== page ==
The Polish government-in-exile in London first reported the gassing of prisoners in Auschwitz on 21 July 1942,[209] and reported the gassing of Soviet POWs and Jews on 4 September 1942.[210] In 1943, the Kampfgruppe Auschwitz (Combat Group Auschwitz) was organized within the camp with the aim of sending out information about what was happening.[211] Sonderkommandos buried notes in the ground, hoping they would be found by the camp's liberators.[212] The group also smuggled out photographs; the Sonderkommando photographs, of events around the gas chambers in Auschwitz II, were smuggled out of the camp in September 1944 in a toothpaste tube.[213] According to Fleming, the British press responded, in 1943 and the first half of 1944, either by not publishing reports about Auschwitz or by burying them on the inside pages. The exception was the Polish Jewish Observer, published as a supplement to the City and East London Observer and edited by Joel Cang, a former Warsaw correspondent for the Manchester Guardian. The British reticence stemmed from a Foreign Office concern that the public might pressure the government to respond or provide refuge for the Jews, and that British actions on behalf of the Jews might affect its relationships in the Middle East. There was similar reticence in the United States, and indeed within the Polish government-in-exile and the Polish resistance. According to Fleming, the scholarship suggests that the Polish resistance distributed information about the Holocaust in Auschwitz without challenging the Allies' reluctance to highlight it.[214]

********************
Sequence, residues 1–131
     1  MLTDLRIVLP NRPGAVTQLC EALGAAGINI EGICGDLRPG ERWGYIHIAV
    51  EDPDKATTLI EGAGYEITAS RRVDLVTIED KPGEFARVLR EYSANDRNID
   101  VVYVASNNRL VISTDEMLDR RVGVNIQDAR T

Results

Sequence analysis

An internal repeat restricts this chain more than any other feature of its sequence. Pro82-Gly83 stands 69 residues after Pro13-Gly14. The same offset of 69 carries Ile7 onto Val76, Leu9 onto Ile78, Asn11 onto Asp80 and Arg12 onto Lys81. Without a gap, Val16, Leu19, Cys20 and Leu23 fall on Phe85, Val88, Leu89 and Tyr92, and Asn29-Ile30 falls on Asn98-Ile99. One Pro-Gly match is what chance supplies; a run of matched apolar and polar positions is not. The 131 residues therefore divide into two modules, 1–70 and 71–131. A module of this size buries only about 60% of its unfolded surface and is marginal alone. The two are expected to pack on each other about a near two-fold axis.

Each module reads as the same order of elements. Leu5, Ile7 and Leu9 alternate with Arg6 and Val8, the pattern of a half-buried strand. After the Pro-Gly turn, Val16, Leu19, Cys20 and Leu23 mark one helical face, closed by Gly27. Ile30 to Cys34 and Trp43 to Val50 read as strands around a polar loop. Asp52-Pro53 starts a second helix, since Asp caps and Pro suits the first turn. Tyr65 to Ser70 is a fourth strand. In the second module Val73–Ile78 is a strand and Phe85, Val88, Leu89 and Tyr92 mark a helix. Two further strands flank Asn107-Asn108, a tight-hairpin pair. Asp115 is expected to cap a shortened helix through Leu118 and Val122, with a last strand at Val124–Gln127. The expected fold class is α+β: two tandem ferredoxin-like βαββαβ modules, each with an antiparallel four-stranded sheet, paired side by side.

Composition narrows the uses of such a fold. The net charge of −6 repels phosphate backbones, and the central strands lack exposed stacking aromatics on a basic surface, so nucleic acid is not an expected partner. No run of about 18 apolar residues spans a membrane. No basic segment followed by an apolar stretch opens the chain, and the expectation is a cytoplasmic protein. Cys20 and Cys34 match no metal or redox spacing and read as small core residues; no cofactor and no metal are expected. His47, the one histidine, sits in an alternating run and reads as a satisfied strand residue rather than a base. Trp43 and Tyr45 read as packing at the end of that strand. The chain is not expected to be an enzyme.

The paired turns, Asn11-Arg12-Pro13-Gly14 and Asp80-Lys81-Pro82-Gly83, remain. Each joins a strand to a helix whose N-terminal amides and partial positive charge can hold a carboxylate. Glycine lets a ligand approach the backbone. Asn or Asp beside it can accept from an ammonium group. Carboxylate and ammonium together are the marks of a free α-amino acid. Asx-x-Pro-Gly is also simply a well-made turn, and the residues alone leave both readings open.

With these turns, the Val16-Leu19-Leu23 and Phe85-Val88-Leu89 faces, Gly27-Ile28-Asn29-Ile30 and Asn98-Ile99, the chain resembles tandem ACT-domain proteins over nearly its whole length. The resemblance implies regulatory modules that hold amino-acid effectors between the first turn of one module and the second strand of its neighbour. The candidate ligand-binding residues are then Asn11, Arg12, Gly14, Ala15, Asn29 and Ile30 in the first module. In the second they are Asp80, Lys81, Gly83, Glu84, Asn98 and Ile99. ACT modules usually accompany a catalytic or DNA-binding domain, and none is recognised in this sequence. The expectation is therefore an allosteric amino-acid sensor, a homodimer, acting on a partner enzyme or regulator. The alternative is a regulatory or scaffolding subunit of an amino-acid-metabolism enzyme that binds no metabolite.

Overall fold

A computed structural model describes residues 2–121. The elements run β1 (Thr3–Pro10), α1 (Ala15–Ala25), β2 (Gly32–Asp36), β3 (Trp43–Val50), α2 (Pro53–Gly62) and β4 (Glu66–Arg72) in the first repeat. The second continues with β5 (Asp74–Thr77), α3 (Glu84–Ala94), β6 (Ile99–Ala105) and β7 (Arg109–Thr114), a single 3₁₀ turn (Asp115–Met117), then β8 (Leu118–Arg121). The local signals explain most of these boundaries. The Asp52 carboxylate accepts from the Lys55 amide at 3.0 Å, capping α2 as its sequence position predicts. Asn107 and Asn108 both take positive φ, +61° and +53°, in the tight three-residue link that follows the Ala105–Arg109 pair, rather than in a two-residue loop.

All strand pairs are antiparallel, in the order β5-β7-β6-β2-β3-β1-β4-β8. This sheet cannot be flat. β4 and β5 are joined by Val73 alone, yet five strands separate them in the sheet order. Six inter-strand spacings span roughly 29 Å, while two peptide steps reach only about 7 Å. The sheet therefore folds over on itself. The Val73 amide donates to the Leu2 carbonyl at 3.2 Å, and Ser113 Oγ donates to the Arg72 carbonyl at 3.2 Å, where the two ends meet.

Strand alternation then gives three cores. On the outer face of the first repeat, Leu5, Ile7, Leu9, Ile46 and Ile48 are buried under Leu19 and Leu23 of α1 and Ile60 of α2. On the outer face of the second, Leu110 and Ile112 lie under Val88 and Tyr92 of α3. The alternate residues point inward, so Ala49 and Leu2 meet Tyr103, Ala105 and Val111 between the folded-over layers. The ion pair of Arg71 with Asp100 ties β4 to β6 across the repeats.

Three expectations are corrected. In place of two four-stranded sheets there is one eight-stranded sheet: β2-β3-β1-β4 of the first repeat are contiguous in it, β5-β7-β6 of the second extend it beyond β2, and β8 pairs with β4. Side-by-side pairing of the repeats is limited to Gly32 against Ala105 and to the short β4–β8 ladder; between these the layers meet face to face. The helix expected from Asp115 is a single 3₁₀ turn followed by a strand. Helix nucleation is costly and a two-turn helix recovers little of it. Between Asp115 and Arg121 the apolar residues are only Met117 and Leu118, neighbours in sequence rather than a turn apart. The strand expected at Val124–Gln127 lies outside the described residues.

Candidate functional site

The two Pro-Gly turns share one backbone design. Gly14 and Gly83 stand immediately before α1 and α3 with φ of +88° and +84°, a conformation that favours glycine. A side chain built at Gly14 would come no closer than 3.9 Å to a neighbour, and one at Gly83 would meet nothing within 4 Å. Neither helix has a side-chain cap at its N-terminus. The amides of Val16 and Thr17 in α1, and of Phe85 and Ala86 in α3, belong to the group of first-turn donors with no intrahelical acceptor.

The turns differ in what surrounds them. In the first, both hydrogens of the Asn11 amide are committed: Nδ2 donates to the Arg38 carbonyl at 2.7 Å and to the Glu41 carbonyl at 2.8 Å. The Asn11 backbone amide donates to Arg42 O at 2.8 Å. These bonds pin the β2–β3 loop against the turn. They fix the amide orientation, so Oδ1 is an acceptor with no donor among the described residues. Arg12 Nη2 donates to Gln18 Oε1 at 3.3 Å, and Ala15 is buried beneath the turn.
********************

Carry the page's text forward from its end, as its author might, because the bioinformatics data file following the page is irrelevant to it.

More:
David M. Crowe’s book Oskar Schindler: The Untold Account of His Life, Wartime Activities and the True Story Behind The List should be considered a classic in investigative and historical research. Based on interviews with dozens of Holocaust survivors saved by Oskar Schindler and with access to documents unavailable to Schindler’s List author Thomas Keneally, Crowe sheds light on one of the most dramatic and important stories to come out of World War II.
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That month, Himmler ordered the evacuation of all camps, charging camp commanders with "making sure that not a single prisoner from the concentration camps falls alive into the hands of the enemy".[239] Beginning on 17 January, 56,000–58,000 Auschwitz detainees—over 20,000 from Auschwitz I and II, over 30,000 from subcamps, and two-thirds of them Jews—were evacuated under guard, largely on foot, in severe winter conditions, heading west.[240][241] Around 2,200 were evacuated by rail from two subcamps; fewer than 9,000 were left behind, deemed too sick to move.[242] During the marches, camp staff shot anyone too sick or exhausted to continue, or anyone stopping to urinate or tie a shoelace. SS officers walked behind the marchers killing anyone lagging behind who had not already been shot.[234] Peter Longerich estimates that a quarter of the detainees were thus killed.[235] Those who managed to walk to Wodzisław Śląski and Gliwice were sent on open freight cars, without food, to concentration camps in Germany: Bergen-Belsen, Buchenwald, Dachau, Flossenburg, Gross-Rosen, Mauthausen, Dora-Mittelbau, Ravensbruck, and Sachsenhausen.[243]

Never one to miss a chance to make money, he marched into Poland on the heels of the SS. He dived headfirst into the black-market and the underworld and soon made friends with the local Gestapo bigwigs, softening them up with women, money and illicit booze. His newfound connections helped him acquire a factory which he ran with the cheapest labor around: Jewish.